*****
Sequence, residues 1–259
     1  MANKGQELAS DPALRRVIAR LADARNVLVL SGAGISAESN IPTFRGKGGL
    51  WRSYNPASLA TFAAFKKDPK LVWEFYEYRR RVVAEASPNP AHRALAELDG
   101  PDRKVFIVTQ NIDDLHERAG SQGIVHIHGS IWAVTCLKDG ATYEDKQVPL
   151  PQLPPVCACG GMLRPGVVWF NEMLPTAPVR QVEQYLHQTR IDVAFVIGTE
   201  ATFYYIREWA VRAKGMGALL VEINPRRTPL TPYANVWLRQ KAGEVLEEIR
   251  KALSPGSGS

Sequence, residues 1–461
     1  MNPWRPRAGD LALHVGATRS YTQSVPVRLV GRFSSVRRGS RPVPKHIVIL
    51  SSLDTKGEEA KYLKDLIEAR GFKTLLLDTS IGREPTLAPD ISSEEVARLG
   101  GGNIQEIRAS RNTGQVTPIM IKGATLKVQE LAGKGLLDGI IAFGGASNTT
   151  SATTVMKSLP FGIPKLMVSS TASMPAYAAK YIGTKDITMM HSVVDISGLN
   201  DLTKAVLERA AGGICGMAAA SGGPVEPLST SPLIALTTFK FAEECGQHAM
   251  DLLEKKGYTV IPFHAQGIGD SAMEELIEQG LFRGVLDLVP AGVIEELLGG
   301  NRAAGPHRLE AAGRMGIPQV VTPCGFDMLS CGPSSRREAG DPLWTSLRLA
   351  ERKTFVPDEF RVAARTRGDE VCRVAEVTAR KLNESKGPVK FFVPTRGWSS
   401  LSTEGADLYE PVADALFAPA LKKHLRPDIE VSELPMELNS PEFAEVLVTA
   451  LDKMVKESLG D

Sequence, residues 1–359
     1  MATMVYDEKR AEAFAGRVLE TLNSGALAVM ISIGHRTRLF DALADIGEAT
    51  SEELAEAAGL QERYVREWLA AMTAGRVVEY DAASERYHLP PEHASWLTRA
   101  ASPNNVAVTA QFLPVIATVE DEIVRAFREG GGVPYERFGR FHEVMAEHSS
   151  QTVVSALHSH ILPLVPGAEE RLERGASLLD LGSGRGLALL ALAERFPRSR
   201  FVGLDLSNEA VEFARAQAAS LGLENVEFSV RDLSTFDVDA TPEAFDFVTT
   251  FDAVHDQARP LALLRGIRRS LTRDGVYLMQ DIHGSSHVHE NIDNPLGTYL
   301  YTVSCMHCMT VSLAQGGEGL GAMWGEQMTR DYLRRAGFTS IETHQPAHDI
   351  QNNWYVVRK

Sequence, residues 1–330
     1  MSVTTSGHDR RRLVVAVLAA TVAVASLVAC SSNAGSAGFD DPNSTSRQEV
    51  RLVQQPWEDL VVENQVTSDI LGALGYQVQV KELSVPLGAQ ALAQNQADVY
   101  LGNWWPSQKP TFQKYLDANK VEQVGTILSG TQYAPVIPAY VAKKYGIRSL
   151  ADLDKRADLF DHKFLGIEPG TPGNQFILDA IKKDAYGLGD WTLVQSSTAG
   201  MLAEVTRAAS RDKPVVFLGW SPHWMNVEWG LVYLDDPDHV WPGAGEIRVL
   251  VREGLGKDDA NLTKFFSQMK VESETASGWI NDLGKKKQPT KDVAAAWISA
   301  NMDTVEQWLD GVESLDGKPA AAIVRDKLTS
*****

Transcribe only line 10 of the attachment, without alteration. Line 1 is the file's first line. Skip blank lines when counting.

    51  SSLDTKGEEA KYLKDLIEAR GFKTLLLDTS IGREPTLAPD ISSEEVARLG